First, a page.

Home Women's Issues Shar‘ee Rulings and Etiquettes

Introduction

Islam is a perfect deen. Part of the perfection of Islam is that together with the general obligations that apply to everyone, many laws are specific to males or females, keeping in mind each one’s specific roles in life, their physiological differences and other unique characteristics. Thus the laws pertaining to males and females differ in many aspects, among which are the postures of salaah, etc. Some of these rulings are briefly discussed hereunder.

Shar‘ee Rulings and Etiquettes

Etiquettes when being Addressed

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Last Updated on Thursday, 27 April 2017 14:11

1. When somebody speaks to you, listen attentively. Showing indifference will hurt the speaker’s feelings. Similarly, do not wake up and leave while you are being spoken to (unless the conversation involves haraam e.g. backbiting, etc.).

2. If you do not understand what has been said, seek clarification. Do not pretend to understand, and do not use your own opinion to try and interpret or understand the statement.

3. If you are requested to do something, respond clearly by either accepting or rejecting. Do not give an ambiguous answer or remain silent, thus giving the person the impression that you intend to fulfill the request whereas you do not intend to fulfill it. Also, if you accept, then inform the person as soon as the request is fulfilled.

4. When listening to a lecture or attending a ta’leem, focus on what is being said. Do not engage in conversation with another person, fidget with one’s clothing, fingers, etc., or use one’s phone.

5. If you are asked to identify yourself (e.g. over the phone or when knocking on someone’s door) then do not answer by saying, “It’s me”. Instead, introduce yourself completely by stating your full name.

   

Etiquettes of Speech

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Last Updated on Thursday, 16 March 2017 14:22

1. Speak clearly and in a manner that is easy to understand. Hence, do not speak ambiguously or unclearly. Similarly, be to the point and do not mumble.

2. Always speak to people from the front. Do not stand or sit behind them and speak to them.

3. When a person is speaking to you, give them your complete attention.

4. Do not interrupt a person who is speaking until he completes what he needs to say.

5. Think before speaking.

Read more: Etiquettes of Speech

   

Musaafahah – Rulings and Etiquettes

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Last Updated on Thursday, 02 February 2017 16:42

1. Musaafahah refers to clasping the hands.

2. It is sunnah to make musaafahah after making salaam. Hence, one should not merely make musaafahah without making salaam.

3. Musaafahah should be made with two hands.

4. Musaafahah should be made on arrival and on departure.

5. Musaafahah should not be accompanied by any other unfounded practice e.g. kissing cheeks, twisting thumbs, etc.

6. If a person is carrying something, suffice on making salaam and do not inconvenience the person by trying to make musaafahah with him.

7. Similarly, if a person is busy or is rushing, do not inconvenience him by making musaafahah with him.

8. A woman should not greet or make musaafahah with men who are not her mahram.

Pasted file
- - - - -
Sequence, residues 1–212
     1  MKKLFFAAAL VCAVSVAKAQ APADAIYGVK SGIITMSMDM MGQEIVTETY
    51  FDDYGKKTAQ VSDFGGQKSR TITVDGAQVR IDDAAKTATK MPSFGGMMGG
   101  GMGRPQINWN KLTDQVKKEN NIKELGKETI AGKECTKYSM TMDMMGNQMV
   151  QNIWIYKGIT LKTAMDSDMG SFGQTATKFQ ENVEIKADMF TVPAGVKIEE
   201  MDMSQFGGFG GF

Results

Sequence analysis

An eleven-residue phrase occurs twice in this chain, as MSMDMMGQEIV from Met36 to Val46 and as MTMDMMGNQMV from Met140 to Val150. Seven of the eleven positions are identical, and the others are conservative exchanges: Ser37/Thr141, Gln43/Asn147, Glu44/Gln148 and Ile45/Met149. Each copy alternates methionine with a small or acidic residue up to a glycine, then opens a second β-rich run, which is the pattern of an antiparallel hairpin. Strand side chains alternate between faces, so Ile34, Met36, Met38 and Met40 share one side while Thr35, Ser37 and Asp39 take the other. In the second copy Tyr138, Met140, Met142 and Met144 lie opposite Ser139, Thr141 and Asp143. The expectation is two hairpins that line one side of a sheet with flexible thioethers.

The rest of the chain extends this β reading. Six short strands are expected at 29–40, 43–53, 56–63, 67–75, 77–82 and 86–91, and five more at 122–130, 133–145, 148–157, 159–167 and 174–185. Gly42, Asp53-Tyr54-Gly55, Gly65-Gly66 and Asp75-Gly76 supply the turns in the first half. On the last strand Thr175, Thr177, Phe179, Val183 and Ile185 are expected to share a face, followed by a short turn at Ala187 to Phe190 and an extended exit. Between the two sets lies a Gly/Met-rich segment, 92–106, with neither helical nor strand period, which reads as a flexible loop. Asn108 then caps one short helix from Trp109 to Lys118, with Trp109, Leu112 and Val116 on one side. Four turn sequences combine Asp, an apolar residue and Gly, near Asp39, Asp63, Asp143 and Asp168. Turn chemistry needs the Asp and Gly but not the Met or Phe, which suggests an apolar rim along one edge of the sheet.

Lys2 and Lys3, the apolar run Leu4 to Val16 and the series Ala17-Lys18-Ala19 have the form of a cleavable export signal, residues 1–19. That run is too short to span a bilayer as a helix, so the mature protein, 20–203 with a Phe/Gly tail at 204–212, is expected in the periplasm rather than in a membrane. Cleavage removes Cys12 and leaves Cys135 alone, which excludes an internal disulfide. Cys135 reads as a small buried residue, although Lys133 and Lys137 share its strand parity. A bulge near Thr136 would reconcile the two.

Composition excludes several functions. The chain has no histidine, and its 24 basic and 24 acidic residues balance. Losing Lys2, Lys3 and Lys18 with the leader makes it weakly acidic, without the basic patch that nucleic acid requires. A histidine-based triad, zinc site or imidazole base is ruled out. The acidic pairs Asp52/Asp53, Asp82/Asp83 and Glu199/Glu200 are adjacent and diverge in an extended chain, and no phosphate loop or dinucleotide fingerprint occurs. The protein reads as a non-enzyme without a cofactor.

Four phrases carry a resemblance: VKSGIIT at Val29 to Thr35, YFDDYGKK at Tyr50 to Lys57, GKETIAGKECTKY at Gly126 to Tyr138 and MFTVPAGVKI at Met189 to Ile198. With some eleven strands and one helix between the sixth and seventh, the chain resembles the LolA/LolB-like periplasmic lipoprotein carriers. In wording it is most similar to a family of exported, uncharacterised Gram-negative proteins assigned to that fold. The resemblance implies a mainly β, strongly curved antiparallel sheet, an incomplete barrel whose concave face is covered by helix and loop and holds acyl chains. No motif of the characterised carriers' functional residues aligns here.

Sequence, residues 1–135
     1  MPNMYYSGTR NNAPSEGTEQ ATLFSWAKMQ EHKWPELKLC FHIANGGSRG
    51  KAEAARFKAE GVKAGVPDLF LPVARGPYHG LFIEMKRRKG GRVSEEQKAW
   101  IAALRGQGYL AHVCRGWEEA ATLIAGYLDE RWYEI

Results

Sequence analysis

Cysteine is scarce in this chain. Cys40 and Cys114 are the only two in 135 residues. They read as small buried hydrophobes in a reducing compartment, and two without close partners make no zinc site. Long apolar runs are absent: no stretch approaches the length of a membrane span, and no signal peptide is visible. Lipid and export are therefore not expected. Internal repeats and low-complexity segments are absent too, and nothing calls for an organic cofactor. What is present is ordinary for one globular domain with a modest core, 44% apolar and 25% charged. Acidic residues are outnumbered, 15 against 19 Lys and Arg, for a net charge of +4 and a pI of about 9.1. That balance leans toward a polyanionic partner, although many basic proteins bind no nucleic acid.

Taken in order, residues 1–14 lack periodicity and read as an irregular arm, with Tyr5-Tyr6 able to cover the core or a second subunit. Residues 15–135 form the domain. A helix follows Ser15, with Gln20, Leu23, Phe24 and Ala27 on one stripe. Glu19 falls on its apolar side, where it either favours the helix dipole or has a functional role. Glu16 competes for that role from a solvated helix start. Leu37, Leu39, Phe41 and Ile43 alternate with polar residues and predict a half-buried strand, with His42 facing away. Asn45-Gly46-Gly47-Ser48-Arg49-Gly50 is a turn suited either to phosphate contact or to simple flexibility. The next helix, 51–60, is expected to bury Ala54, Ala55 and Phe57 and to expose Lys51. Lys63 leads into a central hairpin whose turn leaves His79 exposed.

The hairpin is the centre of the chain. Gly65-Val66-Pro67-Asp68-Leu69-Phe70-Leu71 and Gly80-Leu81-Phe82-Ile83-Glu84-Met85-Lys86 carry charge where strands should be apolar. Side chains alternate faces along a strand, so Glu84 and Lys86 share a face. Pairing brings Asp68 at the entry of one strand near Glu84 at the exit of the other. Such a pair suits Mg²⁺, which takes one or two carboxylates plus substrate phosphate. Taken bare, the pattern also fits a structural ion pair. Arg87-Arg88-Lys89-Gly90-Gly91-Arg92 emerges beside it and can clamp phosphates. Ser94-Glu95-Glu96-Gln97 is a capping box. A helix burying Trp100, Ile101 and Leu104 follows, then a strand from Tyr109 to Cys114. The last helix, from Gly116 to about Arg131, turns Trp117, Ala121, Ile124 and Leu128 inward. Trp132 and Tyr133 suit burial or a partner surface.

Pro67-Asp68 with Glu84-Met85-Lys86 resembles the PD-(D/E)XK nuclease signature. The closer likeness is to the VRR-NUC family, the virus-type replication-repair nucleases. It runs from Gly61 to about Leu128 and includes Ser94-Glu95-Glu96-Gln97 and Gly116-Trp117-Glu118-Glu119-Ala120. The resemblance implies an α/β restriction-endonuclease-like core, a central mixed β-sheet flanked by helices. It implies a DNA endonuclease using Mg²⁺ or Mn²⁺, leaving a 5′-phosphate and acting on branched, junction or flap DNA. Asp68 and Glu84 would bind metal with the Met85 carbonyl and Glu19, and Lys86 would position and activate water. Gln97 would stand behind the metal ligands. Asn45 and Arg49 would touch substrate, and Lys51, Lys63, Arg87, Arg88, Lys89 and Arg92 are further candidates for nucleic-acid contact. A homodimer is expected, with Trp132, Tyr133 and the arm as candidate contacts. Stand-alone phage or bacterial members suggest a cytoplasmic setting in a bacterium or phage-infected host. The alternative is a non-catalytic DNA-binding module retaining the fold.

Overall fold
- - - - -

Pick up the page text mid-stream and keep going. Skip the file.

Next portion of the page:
Salaam – Rulings and Etiquettes

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Last Updated on Wednesday, 02 November 2016 10:21

The following are some important rulings and etiquettes pertaining to salaam:

1. It is waajib (obligatory) to reply to the salaam which is written in a letter, email, text message, etc. The reply may be given verbally or in writing.

2. A person who is involved in a conversation or is engaged in some work should not be greeted.

3. It is makrooh to make salaam to a person who is engaged in a deeni activity e.g. reciting the Quraan Majeed, making zikr or du‘aa.

4. It is makrooh to make salaam to a person who is engaged in a natural activity e.g. eating.

5. If one agrees to convey salaams to a certain person, it will be necessary to fulfill the responsibility and convey the greeting. Hence, if one is asked to convey salaams but does not wish that the responsibility become necessary, he should merely say, “I will try” or “insha-Allah”.

6. When writing the salaam, one should refrain from using abbreviations such as ‘slmz’. Rather, the salaam should be written out in full. 

   

Money Matters

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Last Updated on Thursday, 25 February 2016 15:43

1. It is important that the owner of every item in the home be clearly identified and recorded. Exactly what belongs to the husband should be known and exactly what belongs to the wife should likewise be known. If it is not specified and recorded, winding up the estate in the event of one of the spouses passing away will become very difficult and complicated. Nobody will be able to identify the belongings of the deceased partner with certainty.

2. It is not permissible to use the next person’s belongings without their consent and happiness. Failing to specify who the owners of various items are often leads to these items being used without the owner’s permission, thus causing the user to fall into sin.

3. It is important to know that the money which the husband gives to his wife for the running of the home does not belong to her but is rather a trust which should only be used for household expenses. Over and above this, the husband should, on a monthly basis, give his wife some money (based on his income) which she may spend on her personal needs etc.

4. It is advisable for the wife to consult her husband even when spending her personal money. This will increase the unity in their marriage.

   

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